The best way to close Hacktoberfest 2020 is to share a story. And what can be better, than a fascinating story of pixels, polygons, and open source?

In this video, Blender Guru talks with Ton Roosendaal about the origins and the future of Blender.

Blender originated in 3D animation studio NeoGeo on the Amiga platform in the late 80s. You can still download and try the original software called Traces.

Later, a company Not A Number was formed to support the development of 3D modeler by that time called Blender.

Initially, Blender was a freemium software. You can download a basic version for free and get the full-featured one for money.

But the company has failed to generate enough sales and investors decided to close the operations.

So Ton Roosendaal came up with a truly unique solution - announce a crowd-sourcing campaign to gather 100,000 EUR for NaN investors to free Blender under an open-source license. The campaign was highly successful and reached the goal in just 7 weeks.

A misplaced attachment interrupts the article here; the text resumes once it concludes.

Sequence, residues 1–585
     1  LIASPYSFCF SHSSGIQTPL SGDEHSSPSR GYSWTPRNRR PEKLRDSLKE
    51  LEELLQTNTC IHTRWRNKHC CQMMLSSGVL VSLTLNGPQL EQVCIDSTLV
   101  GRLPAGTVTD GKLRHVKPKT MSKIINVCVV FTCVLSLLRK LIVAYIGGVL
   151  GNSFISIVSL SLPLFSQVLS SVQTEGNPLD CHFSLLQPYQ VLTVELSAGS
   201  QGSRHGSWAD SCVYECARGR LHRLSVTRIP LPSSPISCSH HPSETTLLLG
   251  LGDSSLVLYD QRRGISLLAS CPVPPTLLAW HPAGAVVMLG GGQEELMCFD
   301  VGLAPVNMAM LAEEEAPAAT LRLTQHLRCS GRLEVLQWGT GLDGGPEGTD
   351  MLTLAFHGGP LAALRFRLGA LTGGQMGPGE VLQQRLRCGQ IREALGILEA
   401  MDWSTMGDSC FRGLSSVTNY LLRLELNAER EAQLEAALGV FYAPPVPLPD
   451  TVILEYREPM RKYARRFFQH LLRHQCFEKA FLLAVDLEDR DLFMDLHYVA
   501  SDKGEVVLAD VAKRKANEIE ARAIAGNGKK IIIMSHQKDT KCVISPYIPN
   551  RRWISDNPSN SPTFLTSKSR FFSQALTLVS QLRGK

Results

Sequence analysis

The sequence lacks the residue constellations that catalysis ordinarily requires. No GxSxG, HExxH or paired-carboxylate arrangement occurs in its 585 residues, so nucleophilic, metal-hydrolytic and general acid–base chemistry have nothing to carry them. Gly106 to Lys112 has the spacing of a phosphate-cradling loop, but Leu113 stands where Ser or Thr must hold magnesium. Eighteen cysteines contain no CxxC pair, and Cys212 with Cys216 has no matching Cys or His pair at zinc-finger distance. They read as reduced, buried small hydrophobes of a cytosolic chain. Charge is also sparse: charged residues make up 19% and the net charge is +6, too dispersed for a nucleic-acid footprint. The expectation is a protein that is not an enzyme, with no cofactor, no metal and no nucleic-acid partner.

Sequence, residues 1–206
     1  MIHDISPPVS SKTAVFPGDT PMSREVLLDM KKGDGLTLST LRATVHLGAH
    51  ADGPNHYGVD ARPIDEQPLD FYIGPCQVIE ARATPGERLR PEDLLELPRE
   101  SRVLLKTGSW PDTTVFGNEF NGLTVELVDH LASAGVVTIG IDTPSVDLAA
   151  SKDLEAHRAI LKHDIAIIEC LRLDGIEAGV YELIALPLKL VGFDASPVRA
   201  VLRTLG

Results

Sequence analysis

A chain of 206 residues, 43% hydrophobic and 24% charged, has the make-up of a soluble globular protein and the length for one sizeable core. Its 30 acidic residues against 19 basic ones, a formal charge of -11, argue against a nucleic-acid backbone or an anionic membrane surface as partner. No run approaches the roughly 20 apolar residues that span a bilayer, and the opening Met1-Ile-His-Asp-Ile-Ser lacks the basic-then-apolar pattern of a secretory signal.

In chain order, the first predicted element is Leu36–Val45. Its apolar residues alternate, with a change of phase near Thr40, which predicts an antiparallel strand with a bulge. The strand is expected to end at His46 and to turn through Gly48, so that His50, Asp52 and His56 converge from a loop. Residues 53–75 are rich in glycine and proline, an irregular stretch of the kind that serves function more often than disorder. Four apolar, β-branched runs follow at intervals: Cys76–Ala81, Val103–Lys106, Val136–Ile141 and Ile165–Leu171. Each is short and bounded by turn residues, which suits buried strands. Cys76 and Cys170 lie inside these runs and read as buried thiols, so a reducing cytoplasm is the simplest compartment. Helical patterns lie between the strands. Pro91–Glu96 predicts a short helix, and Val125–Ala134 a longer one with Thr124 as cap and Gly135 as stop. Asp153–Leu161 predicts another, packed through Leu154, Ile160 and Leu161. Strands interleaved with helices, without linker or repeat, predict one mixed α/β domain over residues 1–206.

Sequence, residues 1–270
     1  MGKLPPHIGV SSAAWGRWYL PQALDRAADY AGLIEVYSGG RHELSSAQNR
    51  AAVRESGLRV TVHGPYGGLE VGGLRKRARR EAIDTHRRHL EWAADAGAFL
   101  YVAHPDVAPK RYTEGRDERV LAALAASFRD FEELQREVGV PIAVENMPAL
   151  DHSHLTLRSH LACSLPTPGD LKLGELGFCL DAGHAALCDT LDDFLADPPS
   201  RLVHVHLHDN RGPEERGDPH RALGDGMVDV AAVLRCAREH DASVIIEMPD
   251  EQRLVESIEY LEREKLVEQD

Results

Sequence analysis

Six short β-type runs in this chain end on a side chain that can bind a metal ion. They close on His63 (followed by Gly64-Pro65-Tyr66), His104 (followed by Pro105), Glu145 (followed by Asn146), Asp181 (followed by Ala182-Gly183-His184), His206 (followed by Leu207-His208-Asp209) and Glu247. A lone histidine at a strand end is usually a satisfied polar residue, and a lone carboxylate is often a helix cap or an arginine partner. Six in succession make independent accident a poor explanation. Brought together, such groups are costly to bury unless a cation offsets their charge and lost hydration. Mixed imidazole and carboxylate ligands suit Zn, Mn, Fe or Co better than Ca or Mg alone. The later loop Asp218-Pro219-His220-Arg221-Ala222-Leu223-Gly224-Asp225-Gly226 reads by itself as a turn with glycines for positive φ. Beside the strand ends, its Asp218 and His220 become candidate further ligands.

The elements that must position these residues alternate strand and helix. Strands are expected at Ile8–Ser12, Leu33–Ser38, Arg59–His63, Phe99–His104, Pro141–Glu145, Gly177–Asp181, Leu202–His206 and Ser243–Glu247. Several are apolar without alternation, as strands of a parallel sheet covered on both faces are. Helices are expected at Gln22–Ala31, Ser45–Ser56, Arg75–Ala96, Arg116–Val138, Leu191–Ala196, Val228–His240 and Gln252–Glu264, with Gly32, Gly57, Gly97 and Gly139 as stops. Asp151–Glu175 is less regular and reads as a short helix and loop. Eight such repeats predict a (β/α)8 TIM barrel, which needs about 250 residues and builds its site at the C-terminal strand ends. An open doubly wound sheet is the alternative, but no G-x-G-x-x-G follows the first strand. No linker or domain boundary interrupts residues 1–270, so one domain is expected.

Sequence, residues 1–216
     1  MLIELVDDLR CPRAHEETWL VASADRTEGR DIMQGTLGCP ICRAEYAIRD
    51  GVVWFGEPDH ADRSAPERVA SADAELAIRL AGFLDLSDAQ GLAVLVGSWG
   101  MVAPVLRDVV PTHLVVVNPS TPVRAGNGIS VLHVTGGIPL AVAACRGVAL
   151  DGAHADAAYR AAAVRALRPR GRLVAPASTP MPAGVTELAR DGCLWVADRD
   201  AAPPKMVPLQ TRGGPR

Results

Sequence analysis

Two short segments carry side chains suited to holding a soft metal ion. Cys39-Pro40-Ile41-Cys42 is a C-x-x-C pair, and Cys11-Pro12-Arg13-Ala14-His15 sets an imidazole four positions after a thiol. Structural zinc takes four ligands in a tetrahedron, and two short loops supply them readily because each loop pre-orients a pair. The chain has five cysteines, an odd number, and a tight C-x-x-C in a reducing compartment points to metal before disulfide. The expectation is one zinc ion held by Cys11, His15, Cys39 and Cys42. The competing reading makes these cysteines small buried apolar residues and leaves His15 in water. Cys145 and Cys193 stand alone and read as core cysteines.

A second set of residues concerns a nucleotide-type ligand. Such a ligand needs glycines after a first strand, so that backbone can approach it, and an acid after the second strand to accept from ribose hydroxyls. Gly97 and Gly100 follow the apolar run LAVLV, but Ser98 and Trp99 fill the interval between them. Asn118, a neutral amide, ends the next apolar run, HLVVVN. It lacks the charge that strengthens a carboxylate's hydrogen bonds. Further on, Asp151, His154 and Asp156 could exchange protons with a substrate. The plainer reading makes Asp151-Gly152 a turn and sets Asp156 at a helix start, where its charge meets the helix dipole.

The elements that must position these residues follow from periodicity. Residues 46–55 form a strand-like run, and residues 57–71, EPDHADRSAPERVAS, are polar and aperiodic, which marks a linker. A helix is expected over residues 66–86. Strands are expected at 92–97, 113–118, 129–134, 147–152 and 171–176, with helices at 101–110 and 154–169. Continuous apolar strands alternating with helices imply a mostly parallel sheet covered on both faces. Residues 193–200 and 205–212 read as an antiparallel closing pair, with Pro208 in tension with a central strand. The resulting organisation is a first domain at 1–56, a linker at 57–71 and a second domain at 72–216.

It is probably one of the first crowd-sourcing campaigns on record and it is highly remarkable for turning a commercial software product into an open-source one.

When I was working in game development in the late 2000s, Blender wasn’t considered to be a true “professional” option. Except for a rare few enthusiasts, most artists sticked to MAX and Maya.

But today, with each new release, Blender gains momentum over the competition. It shows the actual power of the open-source community and the huge challenges commercial software vendors face.

In some areas, open-source already had a decisive victory.

In the 80s and the 90s, most developers were buying their compilers, linkers, profilers, and other tools. Nobody thinks about buying a compiler today. It is inconceivable now since we used to get our SDKs for free (except for some special cases - do you hear me, game console vendors?).

So I love this time when our platforms and tools are open-sourced. The technologies today are more accessible than ever before.

The future is already here! And the future is open-source!